Damien Hirst Under Fire Over Backdating Spot Paintings

Damien Hirst Backdated Spots

Damien Hirst, the Turner Prize winning YBA artist known for his controversial works of dead animals in vitrines, is facing a backlash. A recent report in The Guardian newspaper has uncovered that a group of about 1,000 oil paintings on paper, linked to his latest NFT project, were not created in 2016 as claimed. Instead, these pieces were mass-produced in 2018 and 2019 by numerous painters employed by Hirst’s company, Science Ltd, across studios in Gloucestershire and London. One insider described the operation as akin to a “Henry Ford production line.”

The project at the centre of the controversy, The Currency, was a massive undertaking. It involved the creation of 10,000 paintings, each embellished with a microdot, an embossed stamp of authenticity, and a pencil-written title, date, and signature on the back. Launched in 2021, Hirst and Heni, the publishing platform Hirst’s business partner managed, assured buyers that the artworks were “created by hand in 2016.”

As Hirst stated in March 2021, The Currency aimed to “explore the boundaries of art and currency.” Each physical painting corresponds to a digital token or NFT. Priced at $2,000 each, the initial sale garnered approximately $18 million. Buyers were then faced with a choice: keep the NFT or trade it for the physical painting. Those opting for the NFT saw their corresponding physical artworks ceremonially burned by Hirst at Newport Street Gallery in October 2022.

However, the authenticity of these works has come into question. One collector who chose the physical painting reported that no certificate of authenticity was provided upon collecting his piece from Heni’s Soho headquarters. Following his decision, his NFT vanished from his metamask wallet, and all related email links, including his receipt, were deactivated.

Traditionally, the dates on artworks reflect the year of completion. Yet, Science Ltd and Heni lawyers argue that it is “usual practice” for Hirst to date works according to their conception year. They did not contest that at least 1,000 of the paintings dated 2016 were created years later. Sources suggest that several thousand were possibly produced in 2018-2019.

This is not the first time Hirst’s dating practices have been scrutinised. In March, The Guardian uncovered several of his formaldehyde sculptures, supposedly from the 1990s, that were made in 2017. At the time, Hirst’s representatives stated, “Artists are perfectly entitled to be (and often are) inconsistent in their dating of works.”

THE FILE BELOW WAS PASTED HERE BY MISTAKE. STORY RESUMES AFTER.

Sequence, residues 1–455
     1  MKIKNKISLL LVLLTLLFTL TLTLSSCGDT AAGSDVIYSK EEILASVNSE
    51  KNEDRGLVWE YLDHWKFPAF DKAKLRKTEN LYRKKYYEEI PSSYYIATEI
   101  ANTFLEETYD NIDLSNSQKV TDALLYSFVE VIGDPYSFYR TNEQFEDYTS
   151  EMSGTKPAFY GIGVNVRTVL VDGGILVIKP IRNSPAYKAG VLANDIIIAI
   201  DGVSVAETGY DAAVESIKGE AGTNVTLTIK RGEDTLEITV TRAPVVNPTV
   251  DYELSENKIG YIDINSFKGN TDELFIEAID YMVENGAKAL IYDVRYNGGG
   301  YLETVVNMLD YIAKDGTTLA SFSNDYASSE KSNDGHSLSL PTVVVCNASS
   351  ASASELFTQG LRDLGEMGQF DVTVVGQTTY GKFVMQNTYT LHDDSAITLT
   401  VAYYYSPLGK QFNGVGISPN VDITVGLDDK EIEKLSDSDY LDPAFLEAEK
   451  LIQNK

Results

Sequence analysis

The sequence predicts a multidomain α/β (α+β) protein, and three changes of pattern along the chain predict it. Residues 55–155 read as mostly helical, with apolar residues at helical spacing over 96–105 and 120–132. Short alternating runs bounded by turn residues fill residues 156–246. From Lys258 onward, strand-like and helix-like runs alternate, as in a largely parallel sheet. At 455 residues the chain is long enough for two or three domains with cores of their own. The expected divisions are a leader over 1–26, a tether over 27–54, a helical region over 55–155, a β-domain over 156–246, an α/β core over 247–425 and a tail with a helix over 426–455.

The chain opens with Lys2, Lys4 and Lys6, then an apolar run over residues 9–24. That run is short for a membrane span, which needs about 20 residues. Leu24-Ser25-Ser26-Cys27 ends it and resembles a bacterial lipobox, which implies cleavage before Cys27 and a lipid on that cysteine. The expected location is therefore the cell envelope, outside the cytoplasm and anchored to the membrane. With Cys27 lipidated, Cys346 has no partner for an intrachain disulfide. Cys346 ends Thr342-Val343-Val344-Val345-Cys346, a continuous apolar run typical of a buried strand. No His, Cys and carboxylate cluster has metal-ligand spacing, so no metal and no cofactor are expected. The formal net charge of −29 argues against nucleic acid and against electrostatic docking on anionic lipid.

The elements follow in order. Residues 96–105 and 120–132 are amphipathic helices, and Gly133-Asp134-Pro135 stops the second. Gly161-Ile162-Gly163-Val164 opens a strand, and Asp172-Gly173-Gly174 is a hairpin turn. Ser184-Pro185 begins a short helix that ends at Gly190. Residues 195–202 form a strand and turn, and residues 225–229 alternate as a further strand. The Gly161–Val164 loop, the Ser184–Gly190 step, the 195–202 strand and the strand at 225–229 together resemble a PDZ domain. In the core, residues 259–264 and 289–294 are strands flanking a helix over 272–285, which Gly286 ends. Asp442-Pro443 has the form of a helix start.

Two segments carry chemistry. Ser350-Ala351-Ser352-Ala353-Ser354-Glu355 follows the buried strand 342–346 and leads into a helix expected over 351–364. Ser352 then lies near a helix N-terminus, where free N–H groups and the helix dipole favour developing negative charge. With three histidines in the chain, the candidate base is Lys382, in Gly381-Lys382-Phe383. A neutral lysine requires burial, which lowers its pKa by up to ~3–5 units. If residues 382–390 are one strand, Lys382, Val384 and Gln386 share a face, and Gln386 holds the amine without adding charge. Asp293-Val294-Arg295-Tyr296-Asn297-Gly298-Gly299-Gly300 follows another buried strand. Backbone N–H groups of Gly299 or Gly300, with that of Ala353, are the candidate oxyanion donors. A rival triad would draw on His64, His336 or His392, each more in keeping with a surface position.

The impact of this controversy on the value of The Currency paintings remains uncertain. Around 100 of these works have been resold at auction, all bearing the 2016 date. According to Artnet’s price database, resale prices have varied widely, from £5,000 to £28,000.

Damien Hirst: A Brief Biography

Born on June 7, 1965, in Bristol, England, Damien Hirst emerged as one of his generation’s most controversial and influential artists. Raised in Leeds, Hirst’s early life was marked by a rebellious streak and a fascination with mortality, themes later central to his art.

Hirst moved to London in the 1980s to study Fine Art at Goldsmiths, University of London, where he became a leading figure in the Young British Artists (YBA) movement. This group of artists, characterized by their provocative works and media-savvy approaches, gained significant attention in the late 1980s and 1990s.

In 1991, Hirst gained widespread fame with his series of artworks featuring animals preserved in formaldehyde, including the iconic “The Physical Impossibility of Death in the Mind of Someone Living,” showcased a shark suspended in a glass tank. These works challenged traditional notions of art and explored themes of life, death, and decay.

Throughout his career, Hirst has continued to push boundaries. His spot paintings, butterfly installations, and controversial piece “For the Love of God,” a diamond-encrusted skull, have solidified his reputation as a daring and commercially successful artist. Hirst’s work often explores the intersection of art, science, and popular culture, frequently provoking debate and eliciting strong reactions from critics and the public alike.

In addition to his art, Hirst has been involved in various entrepreneurial ventures, including creating the publishing company Other Criteria and opening his own museum, Newport Street Gallery, in London. Despite facing criticism and legal challenges, Hirst remains a dominant force in the contemporary art world, continually redefining the boundaries of artistic expression.

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